My husband is in love with tennis. Maybe love is the wrong word. He has passion for tennis, passion for the experience, passion for the way his body moves and feels playing the game. It is his fountain of youth and his catnip.  He thinks about it, reads about it, and talks about it. He coaches tennis, goes away to tennis camps and hires teachers to show him how to become a better player.

I am not tennis. I am a woman he cares for and loves, but there is no passion. In the evenings we sit at our computers, reading or watching DVD’s to avoid what is not happening between us, the big white elephant in the room.

Yesterday we floated down the river ~ together and apart, not speaking. I was having fantasies of going up to fishermen standing on the shore and saying, would one of you make love to me please? I would like to have sex with a stranger. I want to cuddle up to the masculine and feel held, but I don’t want any part of what comes after. I don’t want to know the person, or see beneath the masculine exterior. I simply crave the beginning times when love is a warm inviting sensual bath and I’m not dealing with family, coffee spilled on the couch, or the ‘Why didn’t you call if you were going to be late,’ conversations.

I hoped our marriage would bring us closer together, not farther apart. But, instead of developing the trust that leads to more openness and touching, I have been learning to do without him, to let him go, to live my life alone, as I did before.

Last week, moments before he walked out the door on a camping trip, he came into the bathroom. I was combing my hair as he slipped his arms around me and said, You are so beautiful, I am a lucky boy, I mean man, and he was a man in that moment. In that instant, I was with the man that found me beautiful and desirable, the man I fell in love with, the man I married. I was with my husband. I felt stirrings of intimate feelings, the first I’d known in a very long time. I wanted to go to bed with him and love him and hold him. I wanted to remember us as we used to be. Then it was over, time for him to leave to go camping with his son.

This man used to grab me by the hand and say, come with me, come out into the world. We are 60. We can do whatever we want. But now his spirit has dampened and his desires have disappeared; now he is compliant, I don’t care. Whatever you want. What do you want to do?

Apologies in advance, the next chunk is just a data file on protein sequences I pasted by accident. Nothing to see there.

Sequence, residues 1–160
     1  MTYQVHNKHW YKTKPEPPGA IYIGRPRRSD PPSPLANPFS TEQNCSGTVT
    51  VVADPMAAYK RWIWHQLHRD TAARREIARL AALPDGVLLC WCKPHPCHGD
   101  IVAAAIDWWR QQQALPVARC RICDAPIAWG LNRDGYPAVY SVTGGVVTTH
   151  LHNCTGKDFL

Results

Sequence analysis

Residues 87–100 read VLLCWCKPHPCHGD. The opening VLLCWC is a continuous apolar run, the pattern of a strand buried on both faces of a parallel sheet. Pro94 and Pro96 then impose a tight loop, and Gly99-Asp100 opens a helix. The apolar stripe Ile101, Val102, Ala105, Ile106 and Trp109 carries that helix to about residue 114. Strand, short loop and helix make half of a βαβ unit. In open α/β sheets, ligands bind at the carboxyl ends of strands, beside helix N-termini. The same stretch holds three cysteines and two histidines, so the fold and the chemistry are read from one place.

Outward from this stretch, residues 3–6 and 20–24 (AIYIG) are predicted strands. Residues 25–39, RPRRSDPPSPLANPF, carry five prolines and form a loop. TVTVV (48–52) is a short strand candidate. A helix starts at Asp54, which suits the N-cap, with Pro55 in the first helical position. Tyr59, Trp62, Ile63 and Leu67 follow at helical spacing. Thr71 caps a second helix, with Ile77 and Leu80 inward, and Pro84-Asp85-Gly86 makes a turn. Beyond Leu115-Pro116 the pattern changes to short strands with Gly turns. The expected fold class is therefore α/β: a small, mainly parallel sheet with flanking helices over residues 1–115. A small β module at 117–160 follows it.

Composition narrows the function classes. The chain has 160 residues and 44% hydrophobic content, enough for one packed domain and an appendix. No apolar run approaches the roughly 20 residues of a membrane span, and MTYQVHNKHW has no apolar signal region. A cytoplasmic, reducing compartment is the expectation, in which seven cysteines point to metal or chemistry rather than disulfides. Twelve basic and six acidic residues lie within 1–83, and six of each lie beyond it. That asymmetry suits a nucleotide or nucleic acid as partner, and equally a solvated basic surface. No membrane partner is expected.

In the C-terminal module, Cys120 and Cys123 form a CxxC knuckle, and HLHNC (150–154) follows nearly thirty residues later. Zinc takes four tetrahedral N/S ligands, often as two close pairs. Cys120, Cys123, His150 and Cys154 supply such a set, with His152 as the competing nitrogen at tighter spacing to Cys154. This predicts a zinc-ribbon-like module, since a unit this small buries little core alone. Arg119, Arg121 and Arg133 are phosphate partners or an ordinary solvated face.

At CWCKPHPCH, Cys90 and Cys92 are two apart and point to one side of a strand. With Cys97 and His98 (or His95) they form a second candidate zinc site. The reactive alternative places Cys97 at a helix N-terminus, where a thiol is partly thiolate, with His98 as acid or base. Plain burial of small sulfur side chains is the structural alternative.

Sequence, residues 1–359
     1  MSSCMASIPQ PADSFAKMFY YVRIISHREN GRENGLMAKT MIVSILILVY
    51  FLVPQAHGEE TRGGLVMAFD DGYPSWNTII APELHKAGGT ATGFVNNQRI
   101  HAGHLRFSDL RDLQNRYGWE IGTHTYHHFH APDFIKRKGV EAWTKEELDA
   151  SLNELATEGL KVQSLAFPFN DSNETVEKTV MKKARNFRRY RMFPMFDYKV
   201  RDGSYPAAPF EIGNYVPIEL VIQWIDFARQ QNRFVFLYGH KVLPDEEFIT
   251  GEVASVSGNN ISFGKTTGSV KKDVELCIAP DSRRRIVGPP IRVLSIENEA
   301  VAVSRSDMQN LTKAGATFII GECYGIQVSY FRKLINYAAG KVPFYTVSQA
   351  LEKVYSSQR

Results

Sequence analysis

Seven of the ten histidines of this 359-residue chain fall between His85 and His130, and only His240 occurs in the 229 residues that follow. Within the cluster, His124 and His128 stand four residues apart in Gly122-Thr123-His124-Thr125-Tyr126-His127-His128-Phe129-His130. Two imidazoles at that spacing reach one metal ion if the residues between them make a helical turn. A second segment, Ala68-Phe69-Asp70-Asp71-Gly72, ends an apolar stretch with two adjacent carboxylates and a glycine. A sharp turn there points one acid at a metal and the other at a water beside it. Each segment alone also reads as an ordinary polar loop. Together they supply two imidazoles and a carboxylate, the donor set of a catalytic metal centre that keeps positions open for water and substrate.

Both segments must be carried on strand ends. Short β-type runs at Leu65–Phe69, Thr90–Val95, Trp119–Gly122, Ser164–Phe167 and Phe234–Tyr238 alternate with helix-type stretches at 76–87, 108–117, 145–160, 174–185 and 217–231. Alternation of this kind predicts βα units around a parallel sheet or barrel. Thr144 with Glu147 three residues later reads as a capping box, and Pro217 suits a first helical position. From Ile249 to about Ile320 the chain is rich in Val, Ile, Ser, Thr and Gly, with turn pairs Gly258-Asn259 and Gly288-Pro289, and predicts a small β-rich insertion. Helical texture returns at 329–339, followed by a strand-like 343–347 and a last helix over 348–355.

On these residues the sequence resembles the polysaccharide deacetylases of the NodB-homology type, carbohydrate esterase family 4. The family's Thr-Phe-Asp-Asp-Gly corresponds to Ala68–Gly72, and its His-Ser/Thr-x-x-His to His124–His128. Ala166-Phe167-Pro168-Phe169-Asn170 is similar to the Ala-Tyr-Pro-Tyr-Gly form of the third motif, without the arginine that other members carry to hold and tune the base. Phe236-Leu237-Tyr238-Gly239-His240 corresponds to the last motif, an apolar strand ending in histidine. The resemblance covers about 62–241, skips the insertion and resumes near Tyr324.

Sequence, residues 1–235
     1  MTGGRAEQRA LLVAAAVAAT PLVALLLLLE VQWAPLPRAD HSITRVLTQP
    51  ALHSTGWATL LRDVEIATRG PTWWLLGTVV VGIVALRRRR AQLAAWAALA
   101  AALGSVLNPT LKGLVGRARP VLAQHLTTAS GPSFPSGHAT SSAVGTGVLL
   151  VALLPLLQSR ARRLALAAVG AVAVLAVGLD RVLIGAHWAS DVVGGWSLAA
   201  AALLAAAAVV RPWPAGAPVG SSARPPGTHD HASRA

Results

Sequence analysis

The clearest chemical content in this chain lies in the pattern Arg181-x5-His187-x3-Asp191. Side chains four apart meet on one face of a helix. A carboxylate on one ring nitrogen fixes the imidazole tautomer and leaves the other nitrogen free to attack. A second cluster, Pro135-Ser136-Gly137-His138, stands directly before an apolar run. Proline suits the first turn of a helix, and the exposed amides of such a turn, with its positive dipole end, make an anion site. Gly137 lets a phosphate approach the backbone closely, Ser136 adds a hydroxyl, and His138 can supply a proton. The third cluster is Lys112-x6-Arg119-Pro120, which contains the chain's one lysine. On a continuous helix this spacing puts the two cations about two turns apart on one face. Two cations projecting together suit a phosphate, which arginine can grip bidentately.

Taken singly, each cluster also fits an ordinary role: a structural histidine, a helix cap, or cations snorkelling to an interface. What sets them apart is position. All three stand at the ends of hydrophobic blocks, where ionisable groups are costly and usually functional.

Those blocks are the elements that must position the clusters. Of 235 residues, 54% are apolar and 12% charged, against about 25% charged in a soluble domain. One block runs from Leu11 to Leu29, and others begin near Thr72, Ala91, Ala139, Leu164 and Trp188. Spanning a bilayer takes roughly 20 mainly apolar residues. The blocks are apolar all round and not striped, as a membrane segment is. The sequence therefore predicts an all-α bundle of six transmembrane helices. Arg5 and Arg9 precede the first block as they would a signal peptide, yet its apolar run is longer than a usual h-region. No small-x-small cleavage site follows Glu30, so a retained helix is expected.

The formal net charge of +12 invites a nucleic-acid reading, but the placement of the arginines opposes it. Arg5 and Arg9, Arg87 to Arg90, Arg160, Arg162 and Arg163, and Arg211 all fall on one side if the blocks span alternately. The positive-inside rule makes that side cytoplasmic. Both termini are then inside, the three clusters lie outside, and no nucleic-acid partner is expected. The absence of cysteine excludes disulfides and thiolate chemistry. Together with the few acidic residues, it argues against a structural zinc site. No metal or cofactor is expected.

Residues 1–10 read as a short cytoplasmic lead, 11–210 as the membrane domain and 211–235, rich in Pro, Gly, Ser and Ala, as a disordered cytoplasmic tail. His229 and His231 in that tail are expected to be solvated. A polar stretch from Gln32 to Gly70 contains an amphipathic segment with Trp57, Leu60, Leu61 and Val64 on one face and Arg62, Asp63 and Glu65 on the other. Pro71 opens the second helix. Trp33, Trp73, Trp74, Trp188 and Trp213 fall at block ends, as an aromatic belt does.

He is willing to go where I choose, but his mind is too busy with tennis, running a pallet company and making time for his family to think of ‘us.’ The time that we need is seen as a distraction, a diversion from things that are important. ‘We’ can always wait, as in the unspoken, Are we done yet, cause I have to leave?

I’d like to go to Europe and live for awhile in Italy, France, Spain or Greece. I’d like to let my artist soar and the healer in me rest. I’d like to ride along the Italian Rivera on a motor scooter and settle into a little villa where sunlight greets me each morning and I am inspired to create. I want to escape to a better version of myself.

I fear this marriage side of me comes from a conservative out-moded value system, one I mistakenly ingested like bad pasta. I have tried over and over and over again to make it work, but in the end it becomes nothing more than a settling, while specialness and delights are found away from one another in the company of other people.

Almost selling the truck

Saturday morning my husband Gib listed his truck on Craig’s List. He put it in for $1,300 because it needs work. The truck was full of Gib’s stuff, because he is basically a trasher, so it was a real mess. I told him last week-end that we should clean it out, but he was not up for it.  Gib gets a call as soon as the ad hits the net from a guy that lives basically as far away from us as he can live and still claim he lives in Portland. They talk and he makes him an offer of $1,000, which is fine with Gib. Gib offers to bring the truck to the guys house in two hours. “Bring the truck over and I’ll go get the cash!” This is Saturday morning and we are sitting around in our pj’s.

The truck is over by the pole barn, so we walk over and start to unload it. It is full, full, full of his crap. Gib: Gee, I guess we should have done this earlier. Me: No comment.  There are locked boxes in the back where he stores his camping equipment: sleeping bags, chairs and tents. Of course, this is mixed with tennis balls, old socks, tools, and tavern receipts. When he opens the box the worst smell comes out. A mouse or mouse family have lived in there, been pooping and dying and have eaten ALL of his camping equipment. The smell is overwhelming, an odor mixed with mold from sitting too long in the shade of an Oregon winter.